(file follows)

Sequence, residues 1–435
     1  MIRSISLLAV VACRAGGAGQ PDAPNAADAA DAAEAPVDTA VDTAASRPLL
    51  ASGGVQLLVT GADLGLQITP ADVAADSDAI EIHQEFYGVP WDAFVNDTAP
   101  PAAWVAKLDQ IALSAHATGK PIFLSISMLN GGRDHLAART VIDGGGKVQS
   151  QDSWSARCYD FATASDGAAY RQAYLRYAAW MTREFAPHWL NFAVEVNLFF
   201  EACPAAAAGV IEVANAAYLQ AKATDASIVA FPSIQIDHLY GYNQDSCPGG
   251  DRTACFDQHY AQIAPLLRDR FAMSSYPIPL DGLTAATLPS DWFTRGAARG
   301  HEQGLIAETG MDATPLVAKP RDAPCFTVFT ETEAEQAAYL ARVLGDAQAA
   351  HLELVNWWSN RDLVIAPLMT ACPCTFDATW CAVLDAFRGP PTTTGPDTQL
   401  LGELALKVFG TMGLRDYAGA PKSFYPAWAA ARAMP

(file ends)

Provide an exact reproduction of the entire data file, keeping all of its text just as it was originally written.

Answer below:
Sequence, residues 1–435
     1  MIRSISLLAV VACRAGGAGQ PDAPNAADAA DAAEAPVDTA VDTAASRPLL
    51  ASGGVQLLVT GADLGLQITP ADVAADSDAI EIHQEFYGVP WDAFVNDTAP
   101  PAAWVAKLDQ IALSAHATGK PIFLSISMLN GGRDHLAART VIDGGGKVQS
   151  QDSWSARCYD FATASDGAAY RQAYLRYAAW MTREFAPHWL NFAVEVNLFF
   201  EACPAAAAGV IEVANAAYLQ AKATDASIVA FPSIQIDHLY GYNQDSCPGG
   251  DRTACFDQHY AQIAPLLRDR FAMSSYPIPL DGLTAATLPS DWFTRGAARG
   301  HEQGLIAETG MDATPLVAKP RDAPCFTVFT ETEAEQAAYL ARVLGDAQAA
   351  HLELVNWWSN RDLVIAPLMT ACPCTFDATW CAVLDAFRGP PTTTGPDTQL
   401  LGELALKVFG TMGLRDYAGA PKSFYPAWAA ARAMP